The symphony of sculptural art begins as you enter the Museum of Outdoor Arts (MOA) Indoor Gallery. From left to right and right to left, with wall and pedestal pieces carefully striking the room like a cadence in musical terms, artists Charles Parson, father, and Collin Parson, son, bring a powerful mixture of compelling art forward like a smooth melody. COUNTERPOINTS is the last exhibition of the 2017 MOA season; A Must Attend closes Friday, December 15th.

Entering the Indoor Museum Gallery photo by Wes Magyar

Charles who prefers the name Chuck, has exhibited extensively with 50 one-person exhibitions and numerous group shows throughout the region and nationally.

Collin in some respects has followed in his father’s footsteps to become an artist in his own right. However, as he explains it he was trying to rebel and not be a “visual artist” which is why his original artistic journey was in Theater Design and Technology with an emphasis in Lighting and Scene Design. Collin has also received a Master in Arts in Visual Culture and Arts Administration. Take all of these skills and you can understand why Collin’s art involves light and how that plays on design.

The Counterpoints exhibition is truly by definition:
1a : one or more independent melodies added above or below a given melody
b : the combination of two or more independent melodies into a single harmonic texture in which each retains its linear character : polyphony
2 a : a complementing or contrasting item : opposite use of contrast or interplay of elements in a work of art

“Gravity” – Collin Parson – mirror acrylic and RGB LEDs 2017 – photo by Wes Magyar

“This exhibition is more thought out in the sense that we could have just had our art up, my father on one wall and I on another, but we decided to plan it out,” states Collin and continues “The biggest challenge of this was that he (my father) is way more prolific and just creates, so when I tried to match up a piece to his he would say something like “oh, thats old news, its two months old now, I’m not putting that in”, Collin and Chuck both begin to laugh. “Thankfully my dad can create a piece fairly quickly, so when it was two weeks out from installation I let him know that he needed to create a 20×20 piece.”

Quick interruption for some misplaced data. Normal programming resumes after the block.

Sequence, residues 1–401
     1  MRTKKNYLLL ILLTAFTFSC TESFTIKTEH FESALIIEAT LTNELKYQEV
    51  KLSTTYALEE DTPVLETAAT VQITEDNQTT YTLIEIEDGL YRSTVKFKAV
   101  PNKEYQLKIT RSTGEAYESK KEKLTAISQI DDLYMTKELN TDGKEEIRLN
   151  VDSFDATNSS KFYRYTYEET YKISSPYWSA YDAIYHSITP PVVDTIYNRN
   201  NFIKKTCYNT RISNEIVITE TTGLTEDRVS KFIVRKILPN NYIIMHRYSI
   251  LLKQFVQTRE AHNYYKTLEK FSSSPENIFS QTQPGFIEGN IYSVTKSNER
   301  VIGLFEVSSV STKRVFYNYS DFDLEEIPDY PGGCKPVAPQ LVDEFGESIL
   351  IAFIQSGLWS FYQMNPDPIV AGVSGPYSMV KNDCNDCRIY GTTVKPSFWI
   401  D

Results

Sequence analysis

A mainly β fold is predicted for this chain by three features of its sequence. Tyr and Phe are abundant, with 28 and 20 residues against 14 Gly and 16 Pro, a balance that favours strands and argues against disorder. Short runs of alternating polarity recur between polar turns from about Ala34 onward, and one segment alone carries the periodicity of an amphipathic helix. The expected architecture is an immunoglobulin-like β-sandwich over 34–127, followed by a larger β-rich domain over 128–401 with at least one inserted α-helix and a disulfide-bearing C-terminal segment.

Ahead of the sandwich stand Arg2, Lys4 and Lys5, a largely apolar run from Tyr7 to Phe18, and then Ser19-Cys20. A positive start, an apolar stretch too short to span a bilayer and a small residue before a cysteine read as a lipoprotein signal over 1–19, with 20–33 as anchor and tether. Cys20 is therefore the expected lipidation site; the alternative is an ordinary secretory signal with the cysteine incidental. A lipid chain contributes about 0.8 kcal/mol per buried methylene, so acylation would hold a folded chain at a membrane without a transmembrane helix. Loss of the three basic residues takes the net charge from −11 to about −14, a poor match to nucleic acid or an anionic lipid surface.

“There was a visual structure that we both looked at in presenting the exhibit when we were approached, and yet there was a conceptual side which quite often doesn’t have the linkage in a collaboration,” Chuck pauses and states “Its not a collaboration, it was a counterpoint. I mean it was literally, singing in harmony and other times really a counterpoint.” Collin adds “It was as simple as a sketch; this is what we are doing and this is the size. He would focus on a piece and however he interprets that or vis-versa was how we would create.”

“Night Time Rainbow” – Charles Parson – mixed media 36″x36″ 2017 – photo by Wes Magyar

Both are humble in their stature in the arts and how they both can influence each other in their approach to their artistic style while remaining independent. And they both pushed each other further with their art for this exhibition. Both are fascinated with not only each others work and the level they reached but that there are endless possibilities for anyone. “I think the role of an artist is that you can tell people its OK to see the world differently. Its not an elitist thing, but I am happy to see the world the way I see it,” smiles Collin. “Sometimes I feel sorry for people that can’t see some of the beauty, even if it isn’t like my dad, who notices the I-beams under a bridge and sees beauty while others only notice the rust, my dad notices the connections and says “isn’t that cool”.

Charles Parson, Westlands Park – steel and acrylic 2017 – photo by Wes Magyar

Chuck teaches various visual classes at the Community College Denver on the Auraria Campus, Colorado and is affiliate faculty with Regis University’s Graduate Program, while Collin currently serves as the Director of Galleries and Curator for the Arvada Center for the Arts and Humanities in Arvada, Colorado. Both believe that it is possible to be a successful artist while also working at another profession, artistic or not, its just a matter of balance.

Collin Parson – Westland Park Sculptures – polished stainless steel 2017 – photo by Wes Magyar

While the outdoor sculptures in Westland Park, Greenwood Village can be viewed during regular park hours through August 9, 2018, you only have 4 days left to visit the indoor gallery COUNTERPOINTS exhibition and you certainly don’t want to miss it.

Both are FREE and Open to the public.

MOA Indoor Gallery hours are Tuesday – Thursday 10am-5pm, Friday 10am-4pm and is located at 1000 Englewood Parkway, Englewood, CO 80110;  Visit for additional information. Westland Park, Greenwood Village  is located at  5701 South Quebec Street, Greenwood Village, CO 80111.

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